Baseball / Japanese Baseball | Sac Bunts

Giants experience downside of NPB free agency as Tetsuya Utsumi departs

by Jason Coskrey

The images late last week of lefty pitcher Tetsuya Utsumi posing for photos wearing a white Seibu Lions uniform over his dress shirt — he wore a blue tie for effect — might’ve been a bit jarring for Yomiuri Giants fans.

Other fanbases, like those raided by Yomiuri in free agency over the years, may have reveled in the sight to some extent. Because as much as free agency sometimes seems like an instrument to only make the Giants stronger, this time the Kyojin felt the business end.

Utsumi might not be a top-level player, but he was still important to the Yomiuri franchise and fanbase. It’s a reminder that even in NPB, where some stars are allowed to hang on too long, baseball is still a business.

Utsumi was probably woven in to the fabric of the Yomiuri franchise more than any of the current players outside of Shinnosuke Abe. Now he’s with the Lions, taken as compensation for the Giants’ signing of free agent catcher Ginjiro Sumitani.

Sumitani is an OK player, but it’s probably a bitter pill to swallow for some fans, seeing as how the Giants already have Seiji Kobayashi and Abe has hinted at catching again.

Utsumi has spent all 15 of his pro seasons with the Giants. He twice led the Central League in wins and was the 2012 Japan Series MVP. He’s 133-101 with a 3.21 ERA in his career and helped Yomiuri to six pennants and two Japan Series titles.

Aside from a stretch from 2011-2012, when he was 33-11 with a 1.84 ERA in 371 ⅓ innings, Utsumi wasn’t elite, but he was good and at times great.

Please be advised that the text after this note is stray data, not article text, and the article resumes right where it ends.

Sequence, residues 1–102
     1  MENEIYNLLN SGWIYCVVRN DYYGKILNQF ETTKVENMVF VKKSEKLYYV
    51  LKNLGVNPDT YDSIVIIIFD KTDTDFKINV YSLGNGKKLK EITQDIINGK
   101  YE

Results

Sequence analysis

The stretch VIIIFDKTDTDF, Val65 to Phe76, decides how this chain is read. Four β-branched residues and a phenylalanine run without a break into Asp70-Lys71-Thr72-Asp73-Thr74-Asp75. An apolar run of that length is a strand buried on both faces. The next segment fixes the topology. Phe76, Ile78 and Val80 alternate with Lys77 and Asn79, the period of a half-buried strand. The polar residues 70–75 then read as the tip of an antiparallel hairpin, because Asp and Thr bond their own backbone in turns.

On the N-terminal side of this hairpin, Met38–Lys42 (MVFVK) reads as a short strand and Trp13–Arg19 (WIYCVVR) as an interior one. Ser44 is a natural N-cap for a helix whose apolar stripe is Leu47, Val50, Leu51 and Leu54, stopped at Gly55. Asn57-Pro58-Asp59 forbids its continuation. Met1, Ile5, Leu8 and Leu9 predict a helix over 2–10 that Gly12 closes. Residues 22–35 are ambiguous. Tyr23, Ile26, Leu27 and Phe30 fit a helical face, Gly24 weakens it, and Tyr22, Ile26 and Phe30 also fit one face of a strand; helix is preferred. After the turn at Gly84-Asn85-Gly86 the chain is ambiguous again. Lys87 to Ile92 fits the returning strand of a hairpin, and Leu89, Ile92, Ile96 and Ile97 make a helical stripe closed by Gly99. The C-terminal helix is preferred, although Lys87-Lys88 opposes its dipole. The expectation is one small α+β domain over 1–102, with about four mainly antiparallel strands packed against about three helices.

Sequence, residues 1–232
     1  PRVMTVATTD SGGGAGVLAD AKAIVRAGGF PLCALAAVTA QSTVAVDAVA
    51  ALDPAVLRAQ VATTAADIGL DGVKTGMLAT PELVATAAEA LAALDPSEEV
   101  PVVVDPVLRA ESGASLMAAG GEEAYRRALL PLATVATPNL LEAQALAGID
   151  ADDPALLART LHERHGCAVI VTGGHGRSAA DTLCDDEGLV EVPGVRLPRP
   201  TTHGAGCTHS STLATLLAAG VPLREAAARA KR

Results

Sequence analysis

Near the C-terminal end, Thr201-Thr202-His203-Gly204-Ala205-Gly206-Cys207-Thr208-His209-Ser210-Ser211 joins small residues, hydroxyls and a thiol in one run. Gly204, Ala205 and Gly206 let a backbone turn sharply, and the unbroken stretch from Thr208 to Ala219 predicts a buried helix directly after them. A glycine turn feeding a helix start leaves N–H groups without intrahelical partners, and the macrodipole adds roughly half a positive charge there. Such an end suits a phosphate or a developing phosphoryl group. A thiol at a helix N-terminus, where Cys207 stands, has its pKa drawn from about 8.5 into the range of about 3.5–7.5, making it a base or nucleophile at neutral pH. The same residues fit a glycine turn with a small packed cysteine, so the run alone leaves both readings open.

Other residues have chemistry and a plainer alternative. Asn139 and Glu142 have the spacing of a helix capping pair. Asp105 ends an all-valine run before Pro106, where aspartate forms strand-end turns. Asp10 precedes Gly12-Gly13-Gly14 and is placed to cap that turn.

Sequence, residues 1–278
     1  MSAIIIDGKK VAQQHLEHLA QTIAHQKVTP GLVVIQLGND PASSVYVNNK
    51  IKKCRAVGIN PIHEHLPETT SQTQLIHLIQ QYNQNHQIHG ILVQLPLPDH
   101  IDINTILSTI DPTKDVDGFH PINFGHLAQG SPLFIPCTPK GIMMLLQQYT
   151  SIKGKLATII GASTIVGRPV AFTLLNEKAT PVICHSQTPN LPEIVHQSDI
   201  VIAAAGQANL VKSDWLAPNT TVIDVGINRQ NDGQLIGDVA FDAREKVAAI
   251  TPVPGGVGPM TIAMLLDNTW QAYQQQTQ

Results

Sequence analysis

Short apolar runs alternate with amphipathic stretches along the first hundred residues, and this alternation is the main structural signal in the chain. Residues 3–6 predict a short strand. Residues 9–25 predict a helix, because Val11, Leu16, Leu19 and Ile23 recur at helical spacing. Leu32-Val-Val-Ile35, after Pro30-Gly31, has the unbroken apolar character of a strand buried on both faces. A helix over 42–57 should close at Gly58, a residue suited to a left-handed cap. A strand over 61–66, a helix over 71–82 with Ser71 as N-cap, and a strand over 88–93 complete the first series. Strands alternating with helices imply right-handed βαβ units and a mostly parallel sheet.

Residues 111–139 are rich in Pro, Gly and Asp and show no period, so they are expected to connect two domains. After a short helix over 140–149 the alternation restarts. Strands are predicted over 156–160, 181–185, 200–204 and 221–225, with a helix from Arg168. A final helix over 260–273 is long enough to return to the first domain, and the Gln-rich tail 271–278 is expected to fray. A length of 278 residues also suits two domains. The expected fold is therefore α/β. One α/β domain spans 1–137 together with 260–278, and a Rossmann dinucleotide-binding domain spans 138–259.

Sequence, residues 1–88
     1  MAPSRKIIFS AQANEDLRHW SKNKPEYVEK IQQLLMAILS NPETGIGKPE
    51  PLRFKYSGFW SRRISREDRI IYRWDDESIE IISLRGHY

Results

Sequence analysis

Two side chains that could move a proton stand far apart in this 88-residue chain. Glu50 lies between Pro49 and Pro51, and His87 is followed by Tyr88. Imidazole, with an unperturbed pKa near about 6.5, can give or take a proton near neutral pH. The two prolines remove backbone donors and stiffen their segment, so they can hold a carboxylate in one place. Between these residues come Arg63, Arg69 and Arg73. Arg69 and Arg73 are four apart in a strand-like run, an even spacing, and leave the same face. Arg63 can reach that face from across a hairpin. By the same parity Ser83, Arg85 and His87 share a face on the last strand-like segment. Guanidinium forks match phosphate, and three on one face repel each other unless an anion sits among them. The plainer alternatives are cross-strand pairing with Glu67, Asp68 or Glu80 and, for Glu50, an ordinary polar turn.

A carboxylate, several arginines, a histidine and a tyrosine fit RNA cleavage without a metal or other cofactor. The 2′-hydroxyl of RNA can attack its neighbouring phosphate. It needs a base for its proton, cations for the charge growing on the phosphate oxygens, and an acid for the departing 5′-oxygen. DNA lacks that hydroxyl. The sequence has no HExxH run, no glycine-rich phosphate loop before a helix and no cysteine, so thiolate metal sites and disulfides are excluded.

That the Lions selected him as compensation seemed to come as shock to Yomiuri. The team president said he hoped Utsumi would return one day. Reliever Scott Mathieson changed his Twitter profile photo to one of Utsumi and retiring pitcher Tetsuya Yamaguchi. Former star pitcher and manager Tsuneo Horiuchi voiced his support for the pitcher, as did many of his now-former teammates.

“Your baseball life isn’t over yet, so do your best,” Abe said according to Sports Hochi.

Utsumi admitted his own shock, but seems to be taking the move in stride.

“It’s the rule, so there’s really nothing to say,” he said during his introductory news conference with Seibu. “I want to take it as a positive.”

Utsumi is joining a team that won the Pacific League pennant in 2018 but has to replace ace Yusei Kikuchi and infielder Hideto Asamura. He’ll reunite with Hayato Takagi, the pitcher the Lions chose as compensation when the Giants signed Ryoma Nogami last offseason.

“I want to do my best to fit in quickly,” he was quoted as saying by Jiji Press. “My goal is to win double-digit games.”

Perhaps the Giants didn’t think Seibu would opt for an expensive (Utsumi is making an estimated ¥100 million) 36-year-old who has only cracked 100 innings once in the last four seasons as compensation. So leaving him off the list of players shielded from being taken would allow the team to put someone else on it.

A sound strategy, until someone actually takes him.

Now the Kyojin are left perhaps no better competitively, but still saying goodbye to one of their fan-favorites for once as business wins out over sentimentality.